From the mixed-up files of Jonathan Gruber

You have to wonder if the Obama administration has ever uttered a true word about Obamacare. I say no.

President Obama has shifted the prevarications into overdrive in anticipation of the Supreme Court’s imminent decision on the IRS’s regulatory revision of the Obamacare law in King v. Burwell. On the issue before the Court in the case, we await a true word from the Obama administration, but we’re not holding our breath.

You may recall that when Jonathan Gruber distinguished himself as the man who dared to tell the truth about the law’s exploitation of the stupidity of the American voter and the rationale of the law’s design, President Obama and his minions went into “Gruber? Whodat???” mode (to borrow from John Updike). According to the White House, Gruber had essentially nothing to do with Obamacare.

Today’s Wall Street Journal carries the page-two story “MIT economist Jonathan Gruber had bigger role in health law, emails show” (accessible here via Google).

Bigger than what? Bigger than the White House has acknowledged.

The Journal’s Stephanie Armour reports:

Jonathan Gruber, the Massachusetts Institute of Technology economist whose comments about the health-care law touched off a political furor, worked more closely than previously known with the White House and top federal officials to shape the law, previously unreleased emails show.

The emails, provided by the House Oversight Committee to The Wall Street Journal, cover messages Mr. Gruber sent from January 2009 through March 2010. Committee staffers said they worked with MIT to obtain the 20,000 pages of emails….

The emails show frequent consultations between Mr. Gruber and top Obama administration staffers and advisers in the White House and the Department of Health and Human Services on the Affordable Care Act. They show he informed HHS about interviews with reporters and discussions with lawmakers, and he consulted with HHS about how to publicly describe his role….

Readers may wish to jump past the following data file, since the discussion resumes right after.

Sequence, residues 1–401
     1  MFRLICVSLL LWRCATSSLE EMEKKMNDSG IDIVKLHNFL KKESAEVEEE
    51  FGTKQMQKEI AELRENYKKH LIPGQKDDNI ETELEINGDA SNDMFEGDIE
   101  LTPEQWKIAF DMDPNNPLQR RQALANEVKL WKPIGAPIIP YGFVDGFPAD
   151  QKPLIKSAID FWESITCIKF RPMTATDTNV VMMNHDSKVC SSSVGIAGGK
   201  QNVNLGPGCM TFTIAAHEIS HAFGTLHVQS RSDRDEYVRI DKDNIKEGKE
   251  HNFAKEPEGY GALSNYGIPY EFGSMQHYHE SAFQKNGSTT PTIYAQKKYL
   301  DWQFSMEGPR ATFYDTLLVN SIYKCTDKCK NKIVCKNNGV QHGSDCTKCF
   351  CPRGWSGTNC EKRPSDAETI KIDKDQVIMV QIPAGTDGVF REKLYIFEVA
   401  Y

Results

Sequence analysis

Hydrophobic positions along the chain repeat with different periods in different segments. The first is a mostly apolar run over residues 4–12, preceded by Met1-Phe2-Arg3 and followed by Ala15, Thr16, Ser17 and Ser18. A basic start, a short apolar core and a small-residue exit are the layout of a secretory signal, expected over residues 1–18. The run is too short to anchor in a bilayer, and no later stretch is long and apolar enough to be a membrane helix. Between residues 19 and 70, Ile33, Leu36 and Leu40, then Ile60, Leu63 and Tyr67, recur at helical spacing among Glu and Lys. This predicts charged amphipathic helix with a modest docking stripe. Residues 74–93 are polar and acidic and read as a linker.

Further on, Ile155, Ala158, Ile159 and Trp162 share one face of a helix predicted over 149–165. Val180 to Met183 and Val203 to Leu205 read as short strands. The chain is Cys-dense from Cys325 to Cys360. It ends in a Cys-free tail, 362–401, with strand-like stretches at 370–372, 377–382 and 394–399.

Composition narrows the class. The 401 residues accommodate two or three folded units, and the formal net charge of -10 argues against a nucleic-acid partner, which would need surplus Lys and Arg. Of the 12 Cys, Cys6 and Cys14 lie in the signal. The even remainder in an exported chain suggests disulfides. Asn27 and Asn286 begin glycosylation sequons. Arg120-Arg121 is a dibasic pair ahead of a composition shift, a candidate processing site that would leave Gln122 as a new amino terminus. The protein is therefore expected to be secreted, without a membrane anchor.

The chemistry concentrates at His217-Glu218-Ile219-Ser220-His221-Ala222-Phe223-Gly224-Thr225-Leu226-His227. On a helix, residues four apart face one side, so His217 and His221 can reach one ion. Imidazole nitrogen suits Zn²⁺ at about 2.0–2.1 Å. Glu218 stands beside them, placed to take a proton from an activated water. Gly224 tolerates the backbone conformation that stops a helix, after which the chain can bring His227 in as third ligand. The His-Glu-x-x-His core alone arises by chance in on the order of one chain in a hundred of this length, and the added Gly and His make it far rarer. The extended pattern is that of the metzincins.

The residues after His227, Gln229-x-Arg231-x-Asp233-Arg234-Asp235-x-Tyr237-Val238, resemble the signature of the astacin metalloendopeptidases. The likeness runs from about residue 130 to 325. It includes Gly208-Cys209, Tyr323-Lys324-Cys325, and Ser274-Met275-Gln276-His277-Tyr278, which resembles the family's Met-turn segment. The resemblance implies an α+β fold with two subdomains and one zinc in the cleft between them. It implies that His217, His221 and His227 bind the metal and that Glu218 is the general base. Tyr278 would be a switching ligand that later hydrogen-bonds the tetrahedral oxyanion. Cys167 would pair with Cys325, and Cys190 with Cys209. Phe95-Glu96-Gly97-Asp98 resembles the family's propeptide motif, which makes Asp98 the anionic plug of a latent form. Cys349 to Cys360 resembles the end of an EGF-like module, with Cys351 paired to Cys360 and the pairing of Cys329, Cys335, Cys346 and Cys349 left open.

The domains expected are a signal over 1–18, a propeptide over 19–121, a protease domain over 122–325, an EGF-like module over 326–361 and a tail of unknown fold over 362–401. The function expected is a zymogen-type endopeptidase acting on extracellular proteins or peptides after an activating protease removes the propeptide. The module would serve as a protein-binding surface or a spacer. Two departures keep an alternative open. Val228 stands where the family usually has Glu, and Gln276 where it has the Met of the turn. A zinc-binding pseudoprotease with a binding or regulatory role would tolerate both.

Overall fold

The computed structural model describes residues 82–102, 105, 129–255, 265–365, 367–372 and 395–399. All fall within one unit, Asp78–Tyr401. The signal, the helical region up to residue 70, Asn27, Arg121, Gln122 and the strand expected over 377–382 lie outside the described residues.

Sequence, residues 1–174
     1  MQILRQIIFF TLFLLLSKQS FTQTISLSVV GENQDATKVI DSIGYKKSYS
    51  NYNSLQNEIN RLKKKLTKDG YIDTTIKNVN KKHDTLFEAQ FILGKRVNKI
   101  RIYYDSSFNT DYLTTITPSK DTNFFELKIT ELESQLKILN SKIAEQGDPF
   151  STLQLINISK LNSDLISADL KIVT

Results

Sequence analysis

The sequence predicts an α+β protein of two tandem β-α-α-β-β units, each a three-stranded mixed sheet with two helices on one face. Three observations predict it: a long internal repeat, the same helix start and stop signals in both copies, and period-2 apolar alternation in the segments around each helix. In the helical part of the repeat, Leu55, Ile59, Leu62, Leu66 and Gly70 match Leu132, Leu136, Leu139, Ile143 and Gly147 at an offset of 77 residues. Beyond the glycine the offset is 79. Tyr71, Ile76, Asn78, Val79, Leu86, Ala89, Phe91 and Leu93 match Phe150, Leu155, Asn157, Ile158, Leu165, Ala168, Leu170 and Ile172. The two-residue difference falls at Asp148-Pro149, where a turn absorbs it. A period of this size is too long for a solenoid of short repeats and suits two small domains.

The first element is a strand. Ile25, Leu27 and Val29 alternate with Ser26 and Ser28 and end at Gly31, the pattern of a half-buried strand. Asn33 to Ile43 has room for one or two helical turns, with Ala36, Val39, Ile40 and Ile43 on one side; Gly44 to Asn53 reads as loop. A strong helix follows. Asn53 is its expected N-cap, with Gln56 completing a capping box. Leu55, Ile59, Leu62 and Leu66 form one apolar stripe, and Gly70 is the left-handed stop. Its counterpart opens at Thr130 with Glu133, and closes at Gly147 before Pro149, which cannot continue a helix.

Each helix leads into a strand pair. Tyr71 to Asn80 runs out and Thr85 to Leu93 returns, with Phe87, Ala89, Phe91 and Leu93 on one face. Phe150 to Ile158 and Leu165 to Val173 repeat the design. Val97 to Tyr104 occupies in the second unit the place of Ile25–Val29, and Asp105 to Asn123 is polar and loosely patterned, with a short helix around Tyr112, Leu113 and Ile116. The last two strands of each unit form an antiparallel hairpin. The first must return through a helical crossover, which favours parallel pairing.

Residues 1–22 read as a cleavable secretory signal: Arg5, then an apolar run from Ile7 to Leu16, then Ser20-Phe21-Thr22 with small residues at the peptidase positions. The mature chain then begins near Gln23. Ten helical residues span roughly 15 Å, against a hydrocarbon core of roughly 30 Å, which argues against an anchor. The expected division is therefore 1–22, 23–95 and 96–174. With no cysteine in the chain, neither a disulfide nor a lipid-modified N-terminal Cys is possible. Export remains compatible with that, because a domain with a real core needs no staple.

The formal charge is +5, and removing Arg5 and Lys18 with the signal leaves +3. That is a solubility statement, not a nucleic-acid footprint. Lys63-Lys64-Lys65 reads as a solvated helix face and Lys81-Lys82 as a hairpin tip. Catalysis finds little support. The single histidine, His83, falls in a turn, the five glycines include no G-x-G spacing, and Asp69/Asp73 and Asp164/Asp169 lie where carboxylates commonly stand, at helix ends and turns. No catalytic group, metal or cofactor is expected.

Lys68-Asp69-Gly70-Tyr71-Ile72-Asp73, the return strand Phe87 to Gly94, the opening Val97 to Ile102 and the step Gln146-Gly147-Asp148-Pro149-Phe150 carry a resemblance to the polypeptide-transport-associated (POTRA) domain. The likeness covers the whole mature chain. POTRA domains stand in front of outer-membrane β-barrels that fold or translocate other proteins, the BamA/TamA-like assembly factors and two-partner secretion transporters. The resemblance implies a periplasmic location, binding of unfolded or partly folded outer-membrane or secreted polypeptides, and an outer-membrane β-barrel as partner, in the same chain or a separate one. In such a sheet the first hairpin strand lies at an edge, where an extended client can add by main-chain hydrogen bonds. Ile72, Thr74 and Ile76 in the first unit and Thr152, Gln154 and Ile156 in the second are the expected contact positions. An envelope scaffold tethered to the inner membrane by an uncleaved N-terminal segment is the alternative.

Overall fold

The White House has described Mr. Gruber as having a limited role in crafting the law. President Barack Obama in 2014 said Mr. Gruber was “some adviser who never worked on our staff.” Mr. Gruber told Congress last year he disagreed with the widespread characterization of his role as the “architect” of Mr. Obama’s health-care plan.

“His proximity to HHS and the White House was a whole lot tighter than they admitted,” said Rep. Jason Chaffetz (R., Utah), chairman of the House oversight committee. “There’s no doubt he was a much more integral part of this than they’ve said. He put up this facade he was an arm’s length away. It was a farce.”

Mr. Chaffetz on Sunday sent a letter to HHS Secretary Sylvia Mathews Burwell requesting information justifying the department’s sole-source contract with Mr. Gruber for his work on the health law.

Mr. Gruber declined to comment.

This in particular supplies a certain context to the White House’s disavowals of Gruber:

“Thank you for being an integral part of getting us to this historic moment,” according to Sept. 9, 2009 email to Mr. Gruber from Jeanne Lambrew, a top Obama administration health adviser who worked at HHS and the White House. In a November 2009 email, she called Mr. Gruber “our hero.”

According to the HHS spokesman quoted by the Journal, of course, “These emails only echo old news.” In making this statement to the Journal, the HHS spokesman is faithfully following the White House scandal management playbook.